Today the MassPoliticsProfs welcome a guest post from Professor Erik Cleven. He is an assistant professor at Saint Anselm College in Manchester, NH. Professor Cleven teaches courses in international relations and comparative politics, and his research interests include ethnic violence and domestic and transnational terrorism.
During the presidential primaries much attention has been focused on Bernie Sanders’ claim to be a democratic socialist. Sanders himself has urged people to look to the small countries of Scandinavia to see that socialism can work. This has elicited a number of responses. Hillary Clinton has said the United States is not Denmark and that what makes the US unique is its spirit of entrepreneurship. The Danish Prime Minister, Lars Løkke Rasmussen, has clarified that his country is not socialist, but rather a market economy. Recently The Atlantic ran a long essay explaining that Sanders is not a socialist and that the United States is not capitalist.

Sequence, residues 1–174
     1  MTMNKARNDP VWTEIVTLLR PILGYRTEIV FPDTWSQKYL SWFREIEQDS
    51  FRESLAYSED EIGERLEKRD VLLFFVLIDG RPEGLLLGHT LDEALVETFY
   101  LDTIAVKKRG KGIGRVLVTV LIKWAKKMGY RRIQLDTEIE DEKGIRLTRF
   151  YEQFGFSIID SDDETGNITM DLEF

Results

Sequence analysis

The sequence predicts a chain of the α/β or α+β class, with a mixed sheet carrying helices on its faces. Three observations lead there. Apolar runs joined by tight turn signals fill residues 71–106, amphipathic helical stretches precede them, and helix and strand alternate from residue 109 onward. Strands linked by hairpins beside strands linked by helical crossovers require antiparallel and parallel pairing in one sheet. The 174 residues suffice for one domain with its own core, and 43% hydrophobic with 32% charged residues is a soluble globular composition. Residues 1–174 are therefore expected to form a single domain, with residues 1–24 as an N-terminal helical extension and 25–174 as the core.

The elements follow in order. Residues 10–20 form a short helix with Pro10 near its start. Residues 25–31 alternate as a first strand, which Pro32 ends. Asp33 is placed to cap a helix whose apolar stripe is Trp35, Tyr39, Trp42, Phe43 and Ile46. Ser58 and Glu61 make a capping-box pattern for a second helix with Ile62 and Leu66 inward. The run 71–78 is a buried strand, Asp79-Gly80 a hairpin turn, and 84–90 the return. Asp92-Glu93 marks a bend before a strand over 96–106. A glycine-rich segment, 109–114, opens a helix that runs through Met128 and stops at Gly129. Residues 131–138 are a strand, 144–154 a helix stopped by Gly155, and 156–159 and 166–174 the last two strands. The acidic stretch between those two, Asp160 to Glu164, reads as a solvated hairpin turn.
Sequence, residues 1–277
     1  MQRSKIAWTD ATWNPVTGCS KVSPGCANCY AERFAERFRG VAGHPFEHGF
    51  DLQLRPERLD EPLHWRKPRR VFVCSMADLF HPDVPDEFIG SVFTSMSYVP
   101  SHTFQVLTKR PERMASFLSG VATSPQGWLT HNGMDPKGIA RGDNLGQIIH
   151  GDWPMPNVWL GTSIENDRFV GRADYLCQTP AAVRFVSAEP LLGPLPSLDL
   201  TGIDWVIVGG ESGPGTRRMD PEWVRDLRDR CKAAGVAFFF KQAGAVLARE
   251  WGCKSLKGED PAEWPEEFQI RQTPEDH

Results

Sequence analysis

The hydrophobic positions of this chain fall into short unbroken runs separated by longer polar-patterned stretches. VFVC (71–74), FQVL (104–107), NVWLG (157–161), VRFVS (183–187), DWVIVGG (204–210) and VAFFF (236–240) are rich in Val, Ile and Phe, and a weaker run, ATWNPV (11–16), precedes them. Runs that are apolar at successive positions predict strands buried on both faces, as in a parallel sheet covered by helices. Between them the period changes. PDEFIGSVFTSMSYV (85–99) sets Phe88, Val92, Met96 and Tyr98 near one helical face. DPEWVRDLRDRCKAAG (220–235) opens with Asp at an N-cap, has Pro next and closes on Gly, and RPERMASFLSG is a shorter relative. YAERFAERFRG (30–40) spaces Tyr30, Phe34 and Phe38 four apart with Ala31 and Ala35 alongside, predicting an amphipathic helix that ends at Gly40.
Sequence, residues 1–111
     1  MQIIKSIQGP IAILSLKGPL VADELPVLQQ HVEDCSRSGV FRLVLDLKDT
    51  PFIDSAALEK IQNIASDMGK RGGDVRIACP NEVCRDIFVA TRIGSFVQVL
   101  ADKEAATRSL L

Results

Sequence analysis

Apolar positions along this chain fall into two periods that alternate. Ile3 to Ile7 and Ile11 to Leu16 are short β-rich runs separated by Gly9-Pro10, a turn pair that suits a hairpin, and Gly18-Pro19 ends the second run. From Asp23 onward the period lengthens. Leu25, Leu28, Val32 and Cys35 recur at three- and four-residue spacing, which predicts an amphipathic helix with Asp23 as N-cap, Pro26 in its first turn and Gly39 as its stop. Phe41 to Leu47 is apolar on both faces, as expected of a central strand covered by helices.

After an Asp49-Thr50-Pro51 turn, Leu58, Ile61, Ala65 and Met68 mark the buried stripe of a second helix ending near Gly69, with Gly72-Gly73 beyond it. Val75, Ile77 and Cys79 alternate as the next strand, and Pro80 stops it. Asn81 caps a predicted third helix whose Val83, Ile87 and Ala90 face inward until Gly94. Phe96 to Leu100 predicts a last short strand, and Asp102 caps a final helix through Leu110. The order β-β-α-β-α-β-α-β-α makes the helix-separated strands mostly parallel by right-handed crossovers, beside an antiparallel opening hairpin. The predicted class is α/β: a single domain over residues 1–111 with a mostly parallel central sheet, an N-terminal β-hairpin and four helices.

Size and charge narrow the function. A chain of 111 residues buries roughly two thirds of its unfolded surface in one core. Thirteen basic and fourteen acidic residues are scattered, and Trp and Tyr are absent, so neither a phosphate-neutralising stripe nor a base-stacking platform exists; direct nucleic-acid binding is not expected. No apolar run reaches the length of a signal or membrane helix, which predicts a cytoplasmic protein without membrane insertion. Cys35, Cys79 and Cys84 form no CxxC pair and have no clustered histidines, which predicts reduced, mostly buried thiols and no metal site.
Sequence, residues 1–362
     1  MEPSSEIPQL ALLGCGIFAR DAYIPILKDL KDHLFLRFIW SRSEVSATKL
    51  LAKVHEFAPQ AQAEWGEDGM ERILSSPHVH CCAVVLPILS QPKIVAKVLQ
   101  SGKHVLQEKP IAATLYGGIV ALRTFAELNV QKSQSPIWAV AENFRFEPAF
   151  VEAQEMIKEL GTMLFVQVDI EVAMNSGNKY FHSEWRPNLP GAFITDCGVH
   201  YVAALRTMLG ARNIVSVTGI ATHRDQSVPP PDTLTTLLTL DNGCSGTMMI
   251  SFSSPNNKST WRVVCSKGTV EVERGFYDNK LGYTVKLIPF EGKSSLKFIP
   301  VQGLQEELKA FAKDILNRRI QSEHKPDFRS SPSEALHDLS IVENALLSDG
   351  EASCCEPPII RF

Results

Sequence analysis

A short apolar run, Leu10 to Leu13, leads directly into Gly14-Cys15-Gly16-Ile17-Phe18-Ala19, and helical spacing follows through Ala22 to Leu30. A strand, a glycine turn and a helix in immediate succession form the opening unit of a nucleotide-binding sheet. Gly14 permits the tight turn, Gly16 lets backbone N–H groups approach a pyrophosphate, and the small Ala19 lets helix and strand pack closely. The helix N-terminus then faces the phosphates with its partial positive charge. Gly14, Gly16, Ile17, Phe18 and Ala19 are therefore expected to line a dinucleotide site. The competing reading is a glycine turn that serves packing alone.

Answering the question of whether or not the Scandinavian countries (Denmark, Sweden, Norway) are socialist depends on having a definition of socialism. Most often socialism at a minimum is associated with government ownership of firms, and centralized control of the economy. The Scandinavian countries have, in the past, had large firms that have either been fully or partially government owned, but the share of government ownership in forms has declined since the 1980s. In fact, Scandinavia is considered a friendly environment for private enterprise. Instead, the Scandinavian countries are generally seen as socialist because they have public health care systems, unemployment insurance, generous maternity (and paternity) leaves and sick leave. If socialism is thus re-defined as the kind of economic and political system that enable these policies, then these countries are obviously socialist. But this approach is not very enlightening and does nothing to show what makes these countries unique, nor does it help answer the question if and how similar policies can be implemented in the United States. In fact, the focus on whether Sanders, and the Scandinavian countries, are socialist diverts attention from what might really be learned from Scandinavia.